Testing the temperature of Devon’s agriculture industry

Posted on: 10 August 2016

As the UK Government works out what the nation’s future relationship with the European Union will look like, some Devon farmers are concerned that Brexit will lead to challenges for an industry already feeling the strain.

While some in the agricultural industry feel that leaving the EU will create opportunities,  others are concerned that breaking the ties could place yet further pressures on the industry with a potential loss of subsidises and uncertainty over new trade agreements.

And these on top of a list of challenges that farmers everywhere are facing, and which have prompted many businesses to diversify into other areas to supplement their incomes.

Devon County Council is now looking closely at the industry; its contribution to the Devon economy; the challenges its facing; and at the support the sector relies on.  It wants to see an industry that’s fit and flexible and able to grow.

And despite the challenges, continued growth in the value of the agriculture, forestry and fishing sector to the economy in Devon is expected.

Experts were predicting last year that the total gross value added (GVA) for the Devon industry – the measure of the value of goods and services produced – could rise from £271.2 million in 2015 to £375.7 million by 2025.

That’s a comparatively small contribution to Devon’s total GVA, just some two to three per cent, but its effects are significantly wider than that through supply chains supporting manufacturing, and tourism.

Economists estimate employment within the Devon industry at around 12,600 jobs, with many of those are self-employed.

And livestock is the county’s preferred form of agriculture, including dairy, beef and sheep, taking advantage of Devon’s comparatively high-yield grasslands.

But the industry has long faced challenges.  

Low earnings, high land prices and a shortage of let farmland is discouraging young people into the profession.  It has an aging workforce, and many of them are predicted to leave.  Economists, Cambridge Econometrics predict a reduction of 700 farming jobs in Devon by 2020 and a further 400 by 2025.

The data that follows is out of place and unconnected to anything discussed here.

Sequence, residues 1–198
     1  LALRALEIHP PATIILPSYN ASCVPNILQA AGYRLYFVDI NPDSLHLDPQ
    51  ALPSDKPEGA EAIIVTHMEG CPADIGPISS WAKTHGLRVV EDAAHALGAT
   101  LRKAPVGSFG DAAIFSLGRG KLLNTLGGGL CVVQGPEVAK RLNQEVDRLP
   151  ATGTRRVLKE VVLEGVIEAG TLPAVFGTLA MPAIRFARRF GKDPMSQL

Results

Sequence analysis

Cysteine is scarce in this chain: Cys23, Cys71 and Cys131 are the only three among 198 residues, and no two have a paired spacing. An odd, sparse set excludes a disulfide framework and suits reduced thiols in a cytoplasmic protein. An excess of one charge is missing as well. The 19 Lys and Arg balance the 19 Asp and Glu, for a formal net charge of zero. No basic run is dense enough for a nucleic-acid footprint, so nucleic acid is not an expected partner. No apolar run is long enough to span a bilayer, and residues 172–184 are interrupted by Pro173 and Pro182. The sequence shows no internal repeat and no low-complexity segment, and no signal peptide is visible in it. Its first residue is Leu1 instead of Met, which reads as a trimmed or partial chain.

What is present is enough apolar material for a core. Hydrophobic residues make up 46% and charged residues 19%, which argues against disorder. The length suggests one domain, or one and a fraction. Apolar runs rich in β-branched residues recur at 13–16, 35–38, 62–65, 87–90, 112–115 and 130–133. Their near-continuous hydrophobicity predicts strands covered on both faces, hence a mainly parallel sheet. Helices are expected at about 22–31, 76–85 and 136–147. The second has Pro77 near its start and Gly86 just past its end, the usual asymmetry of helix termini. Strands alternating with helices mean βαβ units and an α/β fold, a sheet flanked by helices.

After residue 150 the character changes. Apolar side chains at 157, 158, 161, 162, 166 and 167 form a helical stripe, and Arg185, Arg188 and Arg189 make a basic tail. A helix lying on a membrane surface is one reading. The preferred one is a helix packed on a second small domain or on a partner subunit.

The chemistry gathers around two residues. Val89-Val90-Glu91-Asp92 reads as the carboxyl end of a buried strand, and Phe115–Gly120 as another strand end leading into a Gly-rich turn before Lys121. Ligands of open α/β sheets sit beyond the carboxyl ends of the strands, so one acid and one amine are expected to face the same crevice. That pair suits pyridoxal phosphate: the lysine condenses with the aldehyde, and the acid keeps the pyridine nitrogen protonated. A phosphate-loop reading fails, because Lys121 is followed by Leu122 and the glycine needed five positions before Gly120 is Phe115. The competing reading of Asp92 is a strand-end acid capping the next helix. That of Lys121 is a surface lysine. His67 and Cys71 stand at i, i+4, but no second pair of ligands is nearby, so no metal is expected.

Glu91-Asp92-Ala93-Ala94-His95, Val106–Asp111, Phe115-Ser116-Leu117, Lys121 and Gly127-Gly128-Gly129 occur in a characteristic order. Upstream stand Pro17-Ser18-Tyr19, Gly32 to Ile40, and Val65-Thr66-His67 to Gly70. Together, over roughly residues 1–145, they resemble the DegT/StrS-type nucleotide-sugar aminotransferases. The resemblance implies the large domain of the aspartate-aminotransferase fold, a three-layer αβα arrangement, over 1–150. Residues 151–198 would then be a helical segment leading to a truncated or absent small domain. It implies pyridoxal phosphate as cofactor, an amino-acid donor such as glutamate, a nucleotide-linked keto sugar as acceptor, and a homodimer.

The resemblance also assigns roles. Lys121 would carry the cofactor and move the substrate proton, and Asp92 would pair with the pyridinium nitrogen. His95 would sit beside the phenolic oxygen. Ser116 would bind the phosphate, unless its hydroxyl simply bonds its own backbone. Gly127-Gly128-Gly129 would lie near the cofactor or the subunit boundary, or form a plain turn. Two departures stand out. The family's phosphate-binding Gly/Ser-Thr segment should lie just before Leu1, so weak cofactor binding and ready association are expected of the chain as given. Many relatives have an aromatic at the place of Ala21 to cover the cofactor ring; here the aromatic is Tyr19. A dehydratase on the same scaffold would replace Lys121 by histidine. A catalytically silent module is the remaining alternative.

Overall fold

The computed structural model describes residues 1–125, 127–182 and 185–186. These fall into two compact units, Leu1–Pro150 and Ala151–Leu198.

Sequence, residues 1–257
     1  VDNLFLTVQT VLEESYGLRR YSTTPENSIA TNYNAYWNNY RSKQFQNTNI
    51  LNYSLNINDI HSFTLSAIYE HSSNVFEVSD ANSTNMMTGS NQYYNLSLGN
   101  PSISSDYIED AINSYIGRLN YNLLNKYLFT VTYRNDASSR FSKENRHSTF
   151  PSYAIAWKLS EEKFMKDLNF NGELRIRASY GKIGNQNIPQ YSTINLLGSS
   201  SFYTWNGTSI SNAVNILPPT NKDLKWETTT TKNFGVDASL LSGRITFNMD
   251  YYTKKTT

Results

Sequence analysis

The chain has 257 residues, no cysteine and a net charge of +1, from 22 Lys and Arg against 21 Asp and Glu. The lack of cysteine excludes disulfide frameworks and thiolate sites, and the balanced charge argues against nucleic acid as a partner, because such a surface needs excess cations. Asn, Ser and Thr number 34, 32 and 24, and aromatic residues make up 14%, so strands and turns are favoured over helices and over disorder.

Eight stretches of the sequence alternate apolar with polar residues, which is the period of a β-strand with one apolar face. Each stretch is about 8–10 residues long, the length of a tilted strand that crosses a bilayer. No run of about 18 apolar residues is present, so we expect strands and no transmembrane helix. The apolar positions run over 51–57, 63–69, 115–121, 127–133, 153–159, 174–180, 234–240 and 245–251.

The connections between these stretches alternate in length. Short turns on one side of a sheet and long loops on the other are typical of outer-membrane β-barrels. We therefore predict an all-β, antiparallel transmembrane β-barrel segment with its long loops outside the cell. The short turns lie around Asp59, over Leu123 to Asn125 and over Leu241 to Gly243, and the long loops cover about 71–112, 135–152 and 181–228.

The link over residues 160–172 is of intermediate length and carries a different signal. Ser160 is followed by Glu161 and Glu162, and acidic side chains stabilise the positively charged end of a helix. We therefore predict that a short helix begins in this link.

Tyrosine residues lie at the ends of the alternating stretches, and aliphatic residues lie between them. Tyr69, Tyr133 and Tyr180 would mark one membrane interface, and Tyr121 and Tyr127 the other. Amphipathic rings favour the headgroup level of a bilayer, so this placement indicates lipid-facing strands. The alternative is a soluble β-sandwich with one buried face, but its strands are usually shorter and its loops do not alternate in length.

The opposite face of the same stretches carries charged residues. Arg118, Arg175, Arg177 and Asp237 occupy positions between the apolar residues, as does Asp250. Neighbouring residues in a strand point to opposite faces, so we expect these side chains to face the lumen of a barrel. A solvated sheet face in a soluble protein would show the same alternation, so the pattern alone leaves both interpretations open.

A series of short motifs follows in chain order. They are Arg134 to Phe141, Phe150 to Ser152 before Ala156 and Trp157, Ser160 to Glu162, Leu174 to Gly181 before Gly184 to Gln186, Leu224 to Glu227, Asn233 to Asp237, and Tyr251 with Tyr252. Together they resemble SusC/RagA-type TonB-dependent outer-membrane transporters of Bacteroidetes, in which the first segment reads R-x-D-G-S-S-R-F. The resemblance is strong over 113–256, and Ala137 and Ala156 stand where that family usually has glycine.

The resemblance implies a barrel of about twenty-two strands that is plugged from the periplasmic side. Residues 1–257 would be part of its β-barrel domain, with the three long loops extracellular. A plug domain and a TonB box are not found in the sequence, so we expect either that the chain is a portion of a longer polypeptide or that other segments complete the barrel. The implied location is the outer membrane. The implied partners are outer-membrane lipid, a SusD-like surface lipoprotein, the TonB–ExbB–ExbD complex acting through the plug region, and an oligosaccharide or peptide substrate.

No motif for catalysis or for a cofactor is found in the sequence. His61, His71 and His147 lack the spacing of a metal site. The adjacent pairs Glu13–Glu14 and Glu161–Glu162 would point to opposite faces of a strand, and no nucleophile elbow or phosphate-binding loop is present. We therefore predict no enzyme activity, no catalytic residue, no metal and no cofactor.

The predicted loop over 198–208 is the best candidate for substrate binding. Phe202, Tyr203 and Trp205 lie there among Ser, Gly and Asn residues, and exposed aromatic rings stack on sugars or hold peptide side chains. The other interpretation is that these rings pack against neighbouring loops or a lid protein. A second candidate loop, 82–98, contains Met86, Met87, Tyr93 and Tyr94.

The costs of fertiliser and feed, although they fluctuate, are generally increasing; while for some sectors – dairy for example – prices in the shops for their products have been low.

For some dairy farms, milk prices are still below that required to offset increased costs of production and return a reasonable profit.

That’s a real problem for smaller farms, and with South West farm sizes some 70 per cent smaller than the English average, it’s a problem for Devon’s farmers.

Support for the industry

On the up side, Devon County Council provides a range of support to the industry, with its very successful 3,900 hectares farms estate designed to provide opportunities for new entrants to the sector.  And the Council provides various funding programmes and support schemes to help rural businesses.

The Council’s Place Scrutiny Committee has a Task Group looking at the health of the agriculture industry.  The Task Group also wants to identify ways in which the county council, partners and central government can help support, sustain, and develop the industry.

It’s drawing upon expert opinions from a variety of witnesses, from farmers to other landowners to food manufacturers and other professionals in the field.

Cllr Brian GreensladeCouncillor Brian Greenslade, Chairman of the Agriculture Task Group, said:

“As important as agriculture is to the pounds and pence of the Devon economy, it’s also an industry responsible for what makes Devon one of the most desirable counties in the UK in which to live and work.  Without a thriving agriculture industry, we would all be the poorer for it in many ways.

“Periodically we take the temperature of the industry, a health-check.  Devon County Council already supports the industry through a number of different ways, but we want to look again at the challenges that the sector is facing, at the support it might need and who’s best placed to provide that support.

“We’re inviting farmers and related businesses to let us know what their concerns for the future are, and what support they feel they need to sustain and develop the industry.”

To present your views to Task Group, please email scrutiny@devon.gov.uk.

The Task Group will compile a report that will go back to the Place Scrutiny Committee in the New Year with its findings and recommendations.

3 comments on “Testing the temperature of Devon’s agriculture industry

  1. Barbara Cowley says:

    Devon county Council itself is damaging the farming community. I agree this industry is already feeling the strain, especially for the smaller farmer. I have been to a consultation on the unnecessary re-route of the A30, Honiton to Devonshire Inn. There has been no mention of the impact on several small farmers that this is ruining, taking away their livelihood. How can this help local economy? Who will be supporting these farmers? I agree, improvements need to be made, the small scale improvements that were originally agreed should be reconsidered. Why are we even using taxpayers money to run yet another consultation.

  2. Deborah Ayre says:

    Housing in the countryside has become unaffordable for young people, particularly those who work on farms where incomes may be limited. A more flexible approach to granting planning permission for appropriate housing on farms would help this situation and encourage the next generation of Devon’s young farmers to stay in the county.

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